Published on January 29, 2021

Living with HIV in a global pandemic: Managing health risks, livelihoods and access to food

World Food Programme Office for Emergency Preparedness and Response in the Caribbean

As 2021 begins, the socio-economic impacts of COVID-19 continue to reverberate across the Caribbean, the most tourism-dependent region in the world. In Saint Lucia, tourism came to a standstill with the subsequent re-opening of borders and relaxation of travel restrictions resulting in a slight increase of visitors. A recent spike in cases, however, pushed the government to reintroduce temporary containment measures. In these uncertain times, the reality for many businesses, formal and informal workers and vulnerable segments of the population remains dire.

The double-burden of the protracted health and socio-economic impacts of COVID-19 hits hardest those facing poverty and with existing medical conditions. For persons living with HIV, for example, where the immune system is compromised, simple actions like going to the supermarket, taking public transportation, and working in the midst of a global pandemic could have deadly consequences. Without a regular income, there is a constant balance between managing health risks against the pursuit of livelihoods to meet vital food, health and other needs.

This reality is all too familiar for Pat*, an HIV-positive mother of five. Health complications forced her to give up her job as a housekeeper in a hotel. She has since been engaged in precarious, ad-hoc domestic work. Pat says that living with HIV carries an additional financial burden and access to nutritious food is essential to maintain her health.

Similarly, Jane*, a young, HIV-positive mother and her partner – a fisherman – have also fallen on hard times. The impact on tourism has been strongly felt by this single-income household with three children, given that his main clients were hotels. In COVID-19 times he can only sell fish to individuals. With the rising cost of fish on the market, sales have been low, and they struggle to make ends meet.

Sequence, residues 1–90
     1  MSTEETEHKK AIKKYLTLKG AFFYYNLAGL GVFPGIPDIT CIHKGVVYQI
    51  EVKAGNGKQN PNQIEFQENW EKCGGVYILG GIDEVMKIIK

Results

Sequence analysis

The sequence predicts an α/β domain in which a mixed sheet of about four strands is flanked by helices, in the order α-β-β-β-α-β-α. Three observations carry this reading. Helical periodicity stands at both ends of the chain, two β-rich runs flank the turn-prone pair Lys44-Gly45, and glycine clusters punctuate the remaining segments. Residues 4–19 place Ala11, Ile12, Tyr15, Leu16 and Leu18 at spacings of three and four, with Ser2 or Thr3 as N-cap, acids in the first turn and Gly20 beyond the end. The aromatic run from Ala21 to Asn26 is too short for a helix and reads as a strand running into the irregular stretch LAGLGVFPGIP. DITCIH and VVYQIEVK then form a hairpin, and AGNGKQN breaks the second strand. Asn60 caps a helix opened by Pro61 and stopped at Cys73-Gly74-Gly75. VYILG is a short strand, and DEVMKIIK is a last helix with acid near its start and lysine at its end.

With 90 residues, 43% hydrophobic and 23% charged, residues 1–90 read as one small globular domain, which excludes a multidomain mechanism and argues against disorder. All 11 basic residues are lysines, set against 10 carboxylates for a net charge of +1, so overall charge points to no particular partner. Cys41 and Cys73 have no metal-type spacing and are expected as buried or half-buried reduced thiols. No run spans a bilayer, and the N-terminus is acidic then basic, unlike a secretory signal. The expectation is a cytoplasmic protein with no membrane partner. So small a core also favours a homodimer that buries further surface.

The government, through the Ministry of Equity, Social Justice, Empowerment, Youth Development, Sports and Local Government, provides households of persons living with HIV with much needed social protection support through regular monthly vouchers to purchase food. Most recipients are women. With support from the SDG Fund and the World Food Programme (WFP), these vouchers have now been doubled in value to ensure continued access to food and essential needs. The increased value frees up household finances to spend on health, education and other needs. Support will continue throughout 2021.

"This money has helped a great bit, I was able to buy food and school supplies," shared Pat, the mother of five. Her greatest wish in life is to live long enough to see her children grow up and graduate from school.

"We went from shopping once a month, to weekly, and worrying if we would even have enough," the soon-to-marry, mother of three lamented, noting the difficulty in purchasing enough food beyond a week’s supply. With the government's assistance the family is able to meet immediate food and education needs.

The SDG Fund is supporting the Government of Saint Lucia to expand social protection, including through the flagship Public Assistance Programme (PAP). The PAP provides monthly benefits to people who need it most. The support to the PAP, provided through the World Food Programme, will increase coverage by nearly 40% to include an additional 1,000 households (approximately 2900 persons), who will continue to receive long-term benefits. The SDG Fund, via the United Nations Children's Fund (UNICEF), also supported increases in cash transfer values for families with children with disabilities and those with foster children.

These crucial measures to address the socio-economic impacts of COVID-19 are part of broader efforts to make social protection more universal and shock-responsive through the “SDG Fund Joint Programme on Universal Adaptive Social Protection in the Eastern Caribbean”. The programme leverages the expertise of WFP, UNICEF, the United Nations Development Programme, the United Nations Entity for Gender Equality and the Empowerment of Women and the Internal Labour Organisation. Together, these UN partners with the Government of Saint Lucia will strengthen how social protection can address the immediate and pressing needs of vulnerable people during the pandemic and emerge better able to respond to future crises.


*An alias is used to protect the identity of the recipients.